"It really depends on what you’ve been offered. I mean, four or five years ago, I don’t really think there was a climate to do maybe a week or something in the UK. I mean, the last time we played four or five, maybe six dates was with Rotting Christ in 2003, and a lot of those days were, to be honest, quite pointless. Like 23 people in Cardiff. It's just that now, at the age that we are, the responsibilities that we have, that kind of thing – not that we're ancient or anything, but we just can't do that any more. We cannot do a Wednesday show to 50 people any more, it just doesn't work like that in our lives. And we also can't do a Friday or Saturday show to 100 people. It's just... We're not Marduk or Vader or Rotting Christ, it just doesn't work likes that. It has to be, more or less, this way. I mean, it's nothing particular, it's just all those tours that we've done... you know, unless they go to Paris, it's very seldom that they'll go to London, you know? It's really not very much to do with us."
"This is true, but also the fact that we aren't a professional band, that we don't make our living from Primordial. Maybe if we were twenty-two or twenty-three we could have thrown our hats in the ring and gone, 'Right, let's take everything that we're offered. Let's tour for three months...' and this that and the other. But that's just not the way life has worked out."
Being in the business of being a metal band while not having it be a professional gig requires you to have a lot of discipline in your life as a whole.
"There's no pension plan in heavy metal," says Nemtheanga with a chuckle. "I mean, it's different for me as I don't have [pauses] kids or family or, you know, some of the bills to pay that some of the other guys do. Mortgages and this kind of thing. And also Ireland is a very expensive country to live in. You know, it's not like the money we have goes as far as it might do for Vader or Behemoth in Poland. It's not like in Scandinavia where you can apply for grants from the state or anything. The balancing act (is) between picking the things that you're able to do, that financially make sense, and of course, in the current economic climate in Ireland, if you have a job you really have to hold onto it, which means that maybe some of the leeway you might have been allowed with your job four or five years ago, as regards to like unpaid leave, just doesn't really exist any more. So it's just a balancing act, like anything else. We do enough - maybe we don't do as much as we'd like, but we do enough to be able to, you know, make it sort of sort of tick over."
Given the life opportunity, one wonders if Primordial would do a lot more shows. Some bands aren't into playing live- some professional musicians (Kate Bush is an example) find that fitting live work around commitments to family life makes their prospect completely unpalatable. How much of Nemtheanga's life would he be happy to spend on the road if there were no commitments to consider?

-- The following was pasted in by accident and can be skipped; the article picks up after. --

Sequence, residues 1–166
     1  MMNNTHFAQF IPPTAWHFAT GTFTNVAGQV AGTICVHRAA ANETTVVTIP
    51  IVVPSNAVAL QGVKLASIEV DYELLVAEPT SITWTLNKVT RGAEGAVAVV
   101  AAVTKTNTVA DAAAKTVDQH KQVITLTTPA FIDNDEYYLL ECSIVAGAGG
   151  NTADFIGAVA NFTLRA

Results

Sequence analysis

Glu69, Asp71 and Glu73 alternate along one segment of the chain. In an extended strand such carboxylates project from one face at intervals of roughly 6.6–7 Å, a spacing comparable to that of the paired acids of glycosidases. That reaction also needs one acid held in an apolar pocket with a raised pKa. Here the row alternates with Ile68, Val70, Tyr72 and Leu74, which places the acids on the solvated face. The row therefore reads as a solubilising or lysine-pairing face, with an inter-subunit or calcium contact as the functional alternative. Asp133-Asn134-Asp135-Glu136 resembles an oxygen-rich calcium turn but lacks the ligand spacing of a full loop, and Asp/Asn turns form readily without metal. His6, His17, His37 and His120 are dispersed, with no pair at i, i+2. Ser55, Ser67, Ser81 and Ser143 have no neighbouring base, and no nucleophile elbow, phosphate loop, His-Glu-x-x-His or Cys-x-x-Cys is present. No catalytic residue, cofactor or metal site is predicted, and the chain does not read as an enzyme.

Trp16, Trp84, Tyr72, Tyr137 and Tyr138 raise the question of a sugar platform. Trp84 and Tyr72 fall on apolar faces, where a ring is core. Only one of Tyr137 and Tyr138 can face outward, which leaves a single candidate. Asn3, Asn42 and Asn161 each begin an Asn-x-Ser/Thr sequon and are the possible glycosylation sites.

"Most of it, probably. [laughs] It suits me, it's what I like. I don't really like being in the studio, it bores me. People in a heavy metal or rock band complaining[emphasis] about being on the road? I mean that's... You know, you don't realise what sort of opportunity you've been given to see the world. Well, maybe the toilets of the world but you're still seeing the world. I would do way more if I was able. It just doesn't necessarily work out like that, you know? Like I said, we do enough that there's things to do, but you know, trying to get away for more than fourteen to twenty days at any one time... That said, you know, if you were, I don't know, the Vaders or Rotting Christs of this world, doing a hundred days, ninety day tours in a hundred days and stuff, I don't know whether that would suck the joy out of it. But if that's you're living that's also your living. The other thing I just thought: if we were a professional band then we would have to, probably, make an album every 18 months at least. That might[emphasis] impinge on the creativity of the music. You know, if we had[emphasis] to do it.
Not being tied to the constant album cycle seems an advantage for Primordial. Their records sound like they take time to bring together, to mature in their creators minds. Things might get horribly watered down were they hooked up like cows for milking. If you're managing to make consistently great records at a rate of about one every three years, probably it's desirable that you not be forced to make them on someone else's tighter schedule.
"Yeah, I mean it's not impossible. The only thing is that don't forget that, you know, when you pick up the new Primordial album and you compare it to the new Satyricon album you have to make [pauses, wry chuckle] a judgement there that here is a band who are professional musicians: that's what they do, make music. It's what they can do for the whole week, whereas we might rehearse, I don't know, once every six weeks sometimes. [interviewer exclaims 'Wow'] Yeah, sometimes not for two or three months if there's nothing to do. When you're having to juggle all the other things in your life with[emphasis] trying to be creative as well, it's very difficult to find that... that equilibrium, that balance, you know? So I think that's probably something that most people don't appreciate but, you know, that's life. What can you do? You just get on with it."
As apologetic as Nemtheanga is, some of us would say that he's seeing it the wrong way around. Having music not be a job, an obligation, is arguably a virtue. Not having the time to play the life out of your ideas may keep the spark that spawned them present. When all was said and done, the best albums of 2010 were not made by professionals but by amateurs. But more on that another time.
[Part 3 will be completed asap - not promising is better than breaking a promise]